We’re starting a new column called Neat-Picking by editor Priyanko Sarkar that aims to distill and analyse the emerging stories from the beverage industry in India and the world. If you like what you’re reading consider sharing it with your friend and sharing your own thoughts in the comments below.
1 lakh crore. That’s the projected loss that the restaurant industry has faced during the lockdown in India that began on March 25, 2020. The industry employs seven lakh people and its total turnover is pegged at INR 4.2 lakh crore.
While almost every industry is fighting for survival under the onslaught of the coronavirus, the F&B industry has been hit particularly hard. Its very survival depends on people coming out and celebrating but that’s not likely to happen anytime soon. Exacerbating this is the fact that the government has not pushed any reforms to help the sector more than 100 days after imposing the lockdown. (Today is Day 103, in case you wanted a count).
This has led to many restaurants shuttering with no hope of coming back. Indeed, according to the National Restaurant Association of India (NRAI), almost 4 in every 10 restaurants will not survive the impact of coronavirus.
One of the biggest factors in restaurants deciding to close up is the rent that they need to shell out every month. In cities like Delhi and Mumbai, it is often when restaurants and bars are running to full capacity that the establishment can make profits. Rent takes up half and more of the fixed costs that restaurants have to pay.
The first hint we got that things aren’t going to have a happy ending was when Pooja Dhingra shut Le15 in Colaba. As she wrote in this piece, “I was celebrating Le15’s 10th anniversary and patting myself on the back for making it this far, but in the back of my mind, I wondered how the coronavirus would impact us. By 9 March, one of our investors told me to prepare for bleak times ahead, that the economy would be severely damaged.”
As the month progressed, I got a first-hand view of how landlords were bullying their restaurant tenants into submission. I’ve known Mohit Chotrani of The Sindhi Kitchen since we first met while working for Living Foodz and have spent countless hours in his kitchen looking at how he juggled his passion for Sindhi food with the reality of running a business. It was, therefore, shocking when his landlord demanded rent or forfeit his deposit despite knowing that the place had been shut since lockdown began. He even changed the locks as an intimidatory tactic.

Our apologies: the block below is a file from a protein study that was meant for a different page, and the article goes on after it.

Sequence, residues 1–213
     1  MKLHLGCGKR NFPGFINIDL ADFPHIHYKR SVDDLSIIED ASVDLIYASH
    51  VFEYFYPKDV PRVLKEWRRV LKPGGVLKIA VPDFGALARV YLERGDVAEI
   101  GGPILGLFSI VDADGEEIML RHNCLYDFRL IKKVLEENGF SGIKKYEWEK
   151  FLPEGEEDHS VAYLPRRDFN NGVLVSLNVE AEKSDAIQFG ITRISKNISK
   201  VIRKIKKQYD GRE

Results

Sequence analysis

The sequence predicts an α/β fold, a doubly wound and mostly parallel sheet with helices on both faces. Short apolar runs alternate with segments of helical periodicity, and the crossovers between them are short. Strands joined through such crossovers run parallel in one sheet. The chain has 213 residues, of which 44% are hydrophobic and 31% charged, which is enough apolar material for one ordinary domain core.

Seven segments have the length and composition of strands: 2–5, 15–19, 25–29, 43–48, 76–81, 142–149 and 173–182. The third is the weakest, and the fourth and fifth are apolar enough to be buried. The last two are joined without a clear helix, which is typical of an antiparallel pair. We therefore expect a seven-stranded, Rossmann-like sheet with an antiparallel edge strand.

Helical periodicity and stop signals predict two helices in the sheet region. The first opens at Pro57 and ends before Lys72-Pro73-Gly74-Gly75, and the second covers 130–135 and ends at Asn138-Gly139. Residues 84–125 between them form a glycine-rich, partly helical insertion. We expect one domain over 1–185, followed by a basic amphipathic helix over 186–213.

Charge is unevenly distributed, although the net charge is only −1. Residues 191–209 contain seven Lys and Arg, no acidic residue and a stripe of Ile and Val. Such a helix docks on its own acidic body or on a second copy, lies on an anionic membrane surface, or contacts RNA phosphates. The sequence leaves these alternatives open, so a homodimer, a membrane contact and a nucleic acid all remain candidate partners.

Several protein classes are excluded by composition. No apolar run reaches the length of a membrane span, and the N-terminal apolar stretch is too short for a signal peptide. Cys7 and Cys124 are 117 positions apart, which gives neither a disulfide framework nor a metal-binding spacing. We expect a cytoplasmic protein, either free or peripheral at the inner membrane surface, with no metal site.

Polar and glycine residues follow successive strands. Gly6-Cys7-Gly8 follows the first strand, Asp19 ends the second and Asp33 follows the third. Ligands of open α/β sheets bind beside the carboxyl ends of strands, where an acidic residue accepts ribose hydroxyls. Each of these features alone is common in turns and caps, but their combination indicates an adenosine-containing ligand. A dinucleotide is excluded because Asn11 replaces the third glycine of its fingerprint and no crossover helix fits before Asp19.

Chotrani had no option but to cease operations and clear out of the space. While he contemplates doing weekend-only Sindhi food deliveries from his house, Chotrani knows that he isn’t going to open his kitchen anytime soon, if at all.
Just yesterday, social media was flooded with posts of Mirchi and Mime and Madeira and Mime shutting down over rental disagreements. Many patrons, including me, loved the vibe of these places and cheered the management that employed persons with special needs at these establishments. All of that has now been wiped away.
Just like Mumbai, Delhi has been facing the rental problem in the F&B industry as well. Places like Greater Kailash, Connaught Place and Khan Market are slowly seeing restaurants and bars shut one after another.
Khan Market has already lost Smoke House Deli, Café Turtle and Sidewok but that isn’t surprising. According to Cushman and Wakefield’s annual report on the world’s most expensive shopping streets, in 2019, Khan Market was the 20th most expensive in the world, with annual rents averaging INR 18,500 per square foot at current exchange rates. Other popular places aren’t too far behind.
Restaurants inside malls are facing uncertainty as well with all parties playing a wait and watch game at the moment. Some others have taken the initiative and tried to deal with landlords amicably for the time being – although how long this largesse will last is anyone’s guess.
Given all this, it’s apparent that the industry needs clarity from more than one concerned party. Starting with the government, which should also offer sops to ensure that the F&B industry isn’t decimated, there has to be a pan-India policy that allows restaurants to breathe easy even as they pivot to new avenues such as home delivery and food kits.
Landlords need to show empathy and look at the bigger picture. They might have their own reasons for pushing tenants but at this juncture, actions matter and helping tenants to whatever extent possible will go a long way in ensuring that the industry doesn’t buckle under.
Restaurants themselves will need to pivot hard and generate sales from deliveries. Whether its adopting digital advertising or promoting themselves amongst their community, bars and restaurants will have to quickly find their groove.
Lastly, it is up to us as consumers to help out our favourite drinking and eating joints in whatever manner possible. Sign up for their delivery, donate directly to them or simply buy redeemable vouchers for the future, every small bit of action that we take directly impact’s the health of the industry.
Let’s ensure that every concerned stakeholder does their best to avoid more restaurants from shutting down. It’s the least we can do for all the good times we’ve celebrated with them.
PS: If you’re a beverage professional who wants to use our platform to have their voice heard, we’d love to discuss your ideas. Send us a DM on Instagram or email at email@example.com and let’s get started. Perks include having your own author box and having your stories shared by us across social platforms.
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Priyanko Sarkar is the Founder Editor of Gurgl.in. He has been a writer for over 15 years and this site is his attempt to document India's growing beverage sector with impactful and interesting stories. His favourite drink is Vietnamese Coffee and his favourite spirit is Turkish Raki.